Triple major Sadie Parent, a third-year student at the W.A. Franke Honors College at the University of Arizona, is pursuing degrees in Gender and Women’s Studies, Philosophy, Politics, Economics, and Law, and Italian. Recently, Sadie was selected as one of approximately 20 undergraduate students from universities nationwide to attend the 2024 Duke/University of North Carolina PPE Colloquium on Humanities and Philosophy.

Reflecting on her experience, Sadie expressed gratitude for being nominated to represent the University of Arizona at the colloquium. She described it as a valuable opportunity to engage with fellow students and scholars on cutting-edge topics such as artificial intelligence and theory of mind.

“Artificial intelligence is a rapidly advancing field, and there’s a lot we should be thinking and concerned about with regard to issues of consciousness, including how it might impinge on human liberties and its ethical consequences,” she says.

The two-day colloquium at Duke University featured six facilitated discussions exploring various philosophical, ethical, political, social, and economic aspects of rapidly evolving technologies—participants prepared by reviewing background articles to enrich their understanding of the topics. Sadie found the discussions intellectually stimulating and informative, mainly due to her interest in exploring the intersections of identity with law and government.

“The students drove the discussions, which were engaging and thought-provoking,” Sadie noted. “I came away appreciating the importance of learning from diverse perspectives and engaging in thoughtful, informed conversations on complex issues.”

Sadie Parent, second row from the bottom, third from the left, and her fellow undergraduate colloquium attendees.

Complementing her academic pursuits, Sadie is a Research Assistant in the Decision and Economic Sciences Laboratory, directed by Mary L. Rigdon, Freedom Center Director and Associate Professor of Political Economy and Moral Science. Sadie was a student in Mary’s PPEL 418 Political Economy Through Experiments course and became very interested in Mary’s groundbreaking research on gender competitiveness.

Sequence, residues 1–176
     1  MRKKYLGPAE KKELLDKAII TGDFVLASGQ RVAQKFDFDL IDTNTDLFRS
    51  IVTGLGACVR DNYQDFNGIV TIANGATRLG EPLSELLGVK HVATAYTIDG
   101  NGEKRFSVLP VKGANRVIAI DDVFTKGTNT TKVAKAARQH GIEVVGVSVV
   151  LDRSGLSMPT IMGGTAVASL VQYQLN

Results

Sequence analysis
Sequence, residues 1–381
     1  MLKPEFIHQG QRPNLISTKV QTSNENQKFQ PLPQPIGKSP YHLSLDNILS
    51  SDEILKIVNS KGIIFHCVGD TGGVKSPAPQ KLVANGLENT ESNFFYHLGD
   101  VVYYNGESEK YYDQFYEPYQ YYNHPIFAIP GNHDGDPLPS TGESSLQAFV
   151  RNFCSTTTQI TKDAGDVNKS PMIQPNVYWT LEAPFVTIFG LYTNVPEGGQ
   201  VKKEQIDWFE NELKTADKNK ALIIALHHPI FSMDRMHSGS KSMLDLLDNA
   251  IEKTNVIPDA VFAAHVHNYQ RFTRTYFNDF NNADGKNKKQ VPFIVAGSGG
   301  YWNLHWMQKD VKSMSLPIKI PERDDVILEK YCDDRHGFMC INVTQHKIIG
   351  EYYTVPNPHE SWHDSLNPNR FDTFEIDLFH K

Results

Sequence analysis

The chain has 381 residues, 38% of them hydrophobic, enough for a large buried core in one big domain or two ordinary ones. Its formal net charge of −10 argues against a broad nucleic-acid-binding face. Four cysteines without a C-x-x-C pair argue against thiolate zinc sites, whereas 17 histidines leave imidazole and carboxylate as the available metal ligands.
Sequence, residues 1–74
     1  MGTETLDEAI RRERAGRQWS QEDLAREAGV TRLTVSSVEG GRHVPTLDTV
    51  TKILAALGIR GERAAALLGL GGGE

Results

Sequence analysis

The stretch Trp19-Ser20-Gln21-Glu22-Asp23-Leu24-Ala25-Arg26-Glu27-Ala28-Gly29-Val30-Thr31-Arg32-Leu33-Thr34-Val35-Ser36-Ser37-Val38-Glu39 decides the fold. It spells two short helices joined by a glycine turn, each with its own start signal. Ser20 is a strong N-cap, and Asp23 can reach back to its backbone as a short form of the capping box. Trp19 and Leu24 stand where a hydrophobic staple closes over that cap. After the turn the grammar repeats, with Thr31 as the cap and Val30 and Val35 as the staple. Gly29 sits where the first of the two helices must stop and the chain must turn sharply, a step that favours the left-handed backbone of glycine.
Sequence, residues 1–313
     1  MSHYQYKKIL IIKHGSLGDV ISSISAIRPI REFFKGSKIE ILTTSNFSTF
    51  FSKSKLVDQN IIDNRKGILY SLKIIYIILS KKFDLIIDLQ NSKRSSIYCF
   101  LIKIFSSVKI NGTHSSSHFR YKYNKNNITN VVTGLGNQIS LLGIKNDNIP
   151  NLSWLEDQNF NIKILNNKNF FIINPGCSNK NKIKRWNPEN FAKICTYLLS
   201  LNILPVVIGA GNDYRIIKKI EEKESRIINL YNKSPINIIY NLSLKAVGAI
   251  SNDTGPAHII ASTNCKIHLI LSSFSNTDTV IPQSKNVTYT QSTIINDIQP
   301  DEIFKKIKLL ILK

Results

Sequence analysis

“I think it’s powerful to work with people like Dr. Rigdon, especially as a young woman in economics,” Sadie said. “She is inspiring to me in both a personal and professional sense, and it is exciting to work with her to advance this important research. Dr. Rigdon is a fantastic mentor, and this work will help open doors to what I see myself doing in the future.”

Sadie’s efforts have also made an impact on Mary.

“Sadie brought intelligence, energy, and curiosity to the Decision and Economic Sciences Laboratory, and we share a desire to help close the gender wage gap by better understanding how social incentives drive competitiveness in women,” Mary says. “It is a pleasure working with Sadie. Her potential is limitless.”

Looking ahead, Sadie aspires to pursue a career as a lobbyist or policy advisor, focusing on the intersection of law and economics to advance equity and civil liberties. She believes her experiences at the University of Arizona, working alongside Dr. Rigdon, and participating in the Duke/UNC undergraduate PPE colloquium have equipped her with the knowledge and skills to effect positive societal change.